Mites cause bee issues
The March 29 article “Soaring honeybee deaths sound new alarms on malady” by Michael Wines correctly identifies a problem facing beekeepers today – how to manage the declining health of their honeybee colonies while satisfying the nation’s growing agricultural demands for pollination services. Although the article does not directly implicate one major cause of declining bee health, it provides unwarranted attention to neonicotinoid insecticides, while virtually ignoring other more important factors.
The poor health of some of the colonies mentioned in the article was clearly recognized during the late summer of 2012, as beekeepers were battling a combination of drought conditions and rapidly increasing infestations of Varroa mite populations. High Varroa populations are well-known causative factors of colony decline, especially as the beekeepers prepare their hives for the winter season. Colonies weakened by poor nutrition or lack of water are especially susceptible to the influence of this parasitic mite.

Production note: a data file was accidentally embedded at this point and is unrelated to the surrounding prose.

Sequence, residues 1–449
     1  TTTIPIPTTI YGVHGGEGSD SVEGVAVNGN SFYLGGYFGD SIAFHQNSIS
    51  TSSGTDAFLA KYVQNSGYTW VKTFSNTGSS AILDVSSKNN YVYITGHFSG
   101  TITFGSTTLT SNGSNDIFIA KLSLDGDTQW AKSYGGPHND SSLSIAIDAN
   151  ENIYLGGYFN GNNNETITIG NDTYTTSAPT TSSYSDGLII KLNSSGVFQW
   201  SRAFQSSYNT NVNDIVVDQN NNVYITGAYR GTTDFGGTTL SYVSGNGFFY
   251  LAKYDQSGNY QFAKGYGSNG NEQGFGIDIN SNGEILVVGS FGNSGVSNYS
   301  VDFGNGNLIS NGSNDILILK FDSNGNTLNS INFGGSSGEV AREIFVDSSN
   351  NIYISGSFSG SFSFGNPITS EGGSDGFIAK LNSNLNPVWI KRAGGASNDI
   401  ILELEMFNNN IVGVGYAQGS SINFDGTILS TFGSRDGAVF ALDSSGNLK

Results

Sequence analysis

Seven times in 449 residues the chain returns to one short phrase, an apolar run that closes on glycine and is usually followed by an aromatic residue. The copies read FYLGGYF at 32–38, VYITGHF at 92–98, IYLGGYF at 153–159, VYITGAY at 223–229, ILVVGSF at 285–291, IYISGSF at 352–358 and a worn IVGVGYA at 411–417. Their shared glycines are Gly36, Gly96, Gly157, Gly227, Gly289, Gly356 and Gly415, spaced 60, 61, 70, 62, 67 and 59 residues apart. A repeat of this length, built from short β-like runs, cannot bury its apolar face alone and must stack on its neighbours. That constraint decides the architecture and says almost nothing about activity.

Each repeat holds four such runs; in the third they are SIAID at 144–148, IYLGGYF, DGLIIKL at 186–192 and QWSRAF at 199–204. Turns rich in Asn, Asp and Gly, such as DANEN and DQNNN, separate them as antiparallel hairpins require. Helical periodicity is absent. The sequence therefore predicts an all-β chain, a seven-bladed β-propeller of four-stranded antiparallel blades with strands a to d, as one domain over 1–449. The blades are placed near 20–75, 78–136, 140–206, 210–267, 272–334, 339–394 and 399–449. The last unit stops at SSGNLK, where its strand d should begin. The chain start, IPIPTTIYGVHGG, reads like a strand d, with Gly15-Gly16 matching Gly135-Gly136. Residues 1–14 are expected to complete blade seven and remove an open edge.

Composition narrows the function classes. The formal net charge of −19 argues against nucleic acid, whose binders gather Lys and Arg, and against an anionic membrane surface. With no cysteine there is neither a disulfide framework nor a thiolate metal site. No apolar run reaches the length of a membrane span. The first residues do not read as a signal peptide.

Large-scale field studies in Europe and in North America have shown that poor bee health correlates extremely well with the presence of Varroa mites, but there is almost no correlation with the presence of pesticides in general or neonicotinoids in particular.
Beth Roden, Durham